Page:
Supercilious Scripture Snobs or Careful Custodians

Reading biblical text within its historical, social and literary contexts places it where it was always intended to be, thus bestowing upon it the highest possible honor. Some, who are unacquainted with this as proper treatment of text, choose rather to label it “scriptural elitism” and thereby uncharitably disregard the valiant efforts of multitudes of scholars from varieties of disciplines, stretching years into the past, whose life mission has been to better understand this priceless treasure.

John Walton summarized it well, 

"God is not superficial, and we should expect that knowledge of him and his Word would be mined rather than simply absorbed. This means that all of us will be dependent on others with particular skills to help us succeed in the enterprise of interpretation. This is not elitism; it is the interdependence of the people of God as they work together in community to serve one another with the gifts they have." Walton, The Lost World of Genesis One; Ancient Cosmology and the Origins Debate (IVP Acedemic, 2009), 171.

I have posted this quotation in the past, but James McGrath was also spot on when he said,

"Does someone claim that they simply read the Bible and have no need for scholars, when they are reading the Bible in translation, or reading critical editions of the texts in the original languages, or using manuscripts copied by scribes, having learned Hebrew and Greek with the help of textbooks and lexicons? That person is a liar, plain and simple."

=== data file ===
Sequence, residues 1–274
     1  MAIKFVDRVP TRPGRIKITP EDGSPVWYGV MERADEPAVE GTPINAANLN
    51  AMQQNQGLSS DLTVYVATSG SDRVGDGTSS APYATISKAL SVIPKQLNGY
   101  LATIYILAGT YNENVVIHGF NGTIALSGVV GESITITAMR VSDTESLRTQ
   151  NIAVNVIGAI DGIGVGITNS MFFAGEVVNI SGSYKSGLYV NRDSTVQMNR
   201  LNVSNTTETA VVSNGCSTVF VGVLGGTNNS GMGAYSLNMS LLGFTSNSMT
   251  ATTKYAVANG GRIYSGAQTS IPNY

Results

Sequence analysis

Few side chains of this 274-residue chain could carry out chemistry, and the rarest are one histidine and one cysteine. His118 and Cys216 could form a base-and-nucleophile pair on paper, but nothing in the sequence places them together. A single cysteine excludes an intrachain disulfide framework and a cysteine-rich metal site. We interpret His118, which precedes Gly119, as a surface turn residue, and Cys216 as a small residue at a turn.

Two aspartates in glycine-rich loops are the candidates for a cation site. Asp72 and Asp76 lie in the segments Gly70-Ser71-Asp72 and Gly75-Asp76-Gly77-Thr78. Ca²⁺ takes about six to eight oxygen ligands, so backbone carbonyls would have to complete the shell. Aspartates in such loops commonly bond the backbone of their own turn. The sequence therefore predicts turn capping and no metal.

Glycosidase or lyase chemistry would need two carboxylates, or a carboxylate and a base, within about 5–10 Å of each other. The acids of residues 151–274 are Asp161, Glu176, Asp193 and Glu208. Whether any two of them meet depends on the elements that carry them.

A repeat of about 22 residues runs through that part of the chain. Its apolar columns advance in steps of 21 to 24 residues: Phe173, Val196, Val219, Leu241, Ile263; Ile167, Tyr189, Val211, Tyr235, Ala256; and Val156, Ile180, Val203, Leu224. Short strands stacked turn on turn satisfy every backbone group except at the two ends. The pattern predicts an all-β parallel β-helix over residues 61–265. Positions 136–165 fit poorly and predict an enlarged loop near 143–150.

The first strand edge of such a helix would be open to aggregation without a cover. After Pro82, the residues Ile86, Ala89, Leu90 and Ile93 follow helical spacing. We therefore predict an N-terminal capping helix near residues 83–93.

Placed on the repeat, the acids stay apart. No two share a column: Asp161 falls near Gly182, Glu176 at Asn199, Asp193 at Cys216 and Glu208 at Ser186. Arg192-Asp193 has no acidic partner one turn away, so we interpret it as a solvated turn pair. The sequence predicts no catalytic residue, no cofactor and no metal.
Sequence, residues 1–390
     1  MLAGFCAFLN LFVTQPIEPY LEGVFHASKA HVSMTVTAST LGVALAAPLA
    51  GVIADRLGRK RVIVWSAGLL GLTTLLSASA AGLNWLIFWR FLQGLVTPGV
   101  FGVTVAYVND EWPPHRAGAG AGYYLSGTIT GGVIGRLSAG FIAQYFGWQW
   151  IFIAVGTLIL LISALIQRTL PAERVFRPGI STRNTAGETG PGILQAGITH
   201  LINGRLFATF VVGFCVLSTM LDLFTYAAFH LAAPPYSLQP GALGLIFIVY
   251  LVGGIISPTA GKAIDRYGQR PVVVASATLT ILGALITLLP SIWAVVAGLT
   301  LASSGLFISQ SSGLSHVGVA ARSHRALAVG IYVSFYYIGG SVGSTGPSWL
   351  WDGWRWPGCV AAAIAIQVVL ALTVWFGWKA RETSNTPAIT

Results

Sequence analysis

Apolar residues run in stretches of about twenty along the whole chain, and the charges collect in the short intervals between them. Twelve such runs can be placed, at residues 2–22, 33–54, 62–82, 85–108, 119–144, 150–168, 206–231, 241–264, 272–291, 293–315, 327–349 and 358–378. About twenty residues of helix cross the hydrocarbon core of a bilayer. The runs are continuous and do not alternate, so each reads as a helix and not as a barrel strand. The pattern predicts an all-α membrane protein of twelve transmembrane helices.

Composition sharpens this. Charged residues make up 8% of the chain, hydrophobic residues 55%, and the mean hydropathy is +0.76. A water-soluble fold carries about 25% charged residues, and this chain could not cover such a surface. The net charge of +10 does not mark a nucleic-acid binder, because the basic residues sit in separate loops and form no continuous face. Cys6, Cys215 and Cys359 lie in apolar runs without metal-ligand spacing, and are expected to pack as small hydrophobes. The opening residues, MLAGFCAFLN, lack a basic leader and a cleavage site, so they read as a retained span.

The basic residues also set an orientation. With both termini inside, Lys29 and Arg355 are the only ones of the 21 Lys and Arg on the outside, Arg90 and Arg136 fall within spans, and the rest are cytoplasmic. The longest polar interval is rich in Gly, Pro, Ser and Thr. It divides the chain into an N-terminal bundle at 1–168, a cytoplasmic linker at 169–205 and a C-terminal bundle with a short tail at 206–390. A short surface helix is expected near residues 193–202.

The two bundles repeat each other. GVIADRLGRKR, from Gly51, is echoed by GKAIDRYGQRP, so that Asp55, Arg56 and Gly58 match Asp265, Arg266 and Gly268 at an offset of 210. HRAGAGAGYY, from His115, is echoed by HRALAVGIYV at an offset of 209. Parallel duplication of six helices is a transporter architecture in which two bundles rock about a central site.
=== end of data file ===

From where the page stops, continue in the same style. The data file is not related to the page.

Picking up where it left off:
This is not to say that there haven't been or are not irresponsible conclusions or distortions (whether intentional or not is not for me to say). Brent Sandy perhaps has a balanced perspective,

"Evangelicals who support the concept of inerrancy have undoubtedly been guilty at times of claiming too much for the term and claiming that we know too much (e.g., about what historical accuracy demanded and about what authorship entailed). But critical scholarship is not innocent of similar unwarranted certainty and belief in 'assured results' as they apply the surgical knife to biblical books with such self-confidence." Walton and Sandy, The Lost World of Scripture; Ancient Literary Culture and Biblical Authority (IVP Academic, 2013), 276. 

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